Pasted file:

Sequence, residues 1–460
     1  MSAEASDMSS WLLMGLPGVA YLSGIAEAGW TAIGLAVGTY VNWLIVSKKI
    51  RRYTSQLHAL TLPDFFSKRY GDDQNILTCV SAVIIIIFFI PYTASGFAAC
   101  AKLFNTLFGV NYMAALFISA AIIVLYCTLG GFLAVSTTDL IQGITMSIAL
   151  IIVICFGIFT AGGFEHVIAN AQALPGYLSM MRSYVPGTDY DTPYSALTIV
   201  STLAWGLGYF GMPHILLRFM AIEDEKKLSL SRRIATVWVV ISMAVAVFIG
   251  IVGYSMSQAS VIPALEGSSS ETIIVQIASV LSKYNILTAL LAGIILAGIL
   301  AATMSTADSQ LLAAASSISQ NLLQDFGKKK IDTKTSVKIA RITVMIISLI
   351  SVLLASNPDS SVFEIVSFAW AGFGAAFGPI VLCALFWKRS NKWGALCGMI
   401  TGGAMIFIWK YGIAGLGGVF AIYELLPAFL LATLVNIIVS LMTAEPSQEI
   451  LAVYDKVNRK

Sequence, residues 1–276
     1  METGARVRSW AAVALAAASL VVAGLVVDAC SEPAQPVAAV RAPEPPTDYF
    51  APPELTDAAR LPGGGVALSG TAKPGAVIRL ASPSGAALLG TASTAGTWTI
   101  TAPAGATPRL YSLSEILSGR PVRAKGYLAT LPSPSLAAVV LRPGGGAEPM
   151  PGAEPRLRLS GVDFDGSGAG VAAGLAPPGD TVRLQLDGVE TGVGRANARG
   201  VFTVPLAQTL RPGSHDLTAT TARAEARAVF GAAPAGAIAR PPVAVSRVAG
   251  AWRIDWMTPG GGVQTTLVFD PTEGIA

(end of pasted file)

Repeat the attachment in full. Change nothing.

Sequence, residues 1–460
     1  MSAEASDMSS WLLMGLPGVA YLSGIAEAGW TAIGLAVGTY VNWLIVSKKI
    51  RRYTSQLHAL TLPDFFSKRY GDDQNILTCV SAVIIIIFFI PYTASGFAAC
   101  AKLFNTLFGV NYMAALFISA AIIVLYCTLG GFLAVSTTDL IQGITMSIAL
   151  IIVICFGIFT AGGFEHVIAN AQALPGYLSM MRSYVPGTDY DTPYSALTIV
   201  STLAWGLGYF GMPHILLRFM AIEDEKKLSL SRRIATVWVV ISMAVAVFIG
   251  IVGYSMSQAS VIPALEGSSS ETIIVQIASV LSKYNILTAL LAGIILAGIL
   301  AATMSTADSQ LLAAASSISQ NLLQDFGKKK IDTKTSVKIA RITVMIISLI
   351  SVLLASNPDS SVFEIVSFAW AGFGAAFGPI VLCALFWKRS NKWGALCGMI
   401  TGGAMIFIWK YGIAGLGGVF AIYELLPAFL LATLVNIIVS LMTAEPSQEI
   451  LAVYDKVNRK

Sequence, residues 1–276
     1  METGARVRSW AAVALAAASL VVAGLVVDAC SEPAQPVAAV RAPEPPTDYF
    51  APPELTDAAR LPGGGVALSG TAKPGAVIRL ASPSGAALLG TASTAGTWTI
   101  TAPAGATPRL YSLSEILSGR PVRAKGYLAT LPSPSLAAVV LRPGGGAEPM
   151  PGAEPRLRLS GVDFDGSGAG VAAGLAPPGD TVRLQLDGVE TGVGRANARG
   201  VFTVPLAQTL RPGSHDLTAT TARAEARAVF GAAPAGAIAR PPVAVSRVAG
   251  AWRIDWMTPG GGVQTTLVFD PTEGIA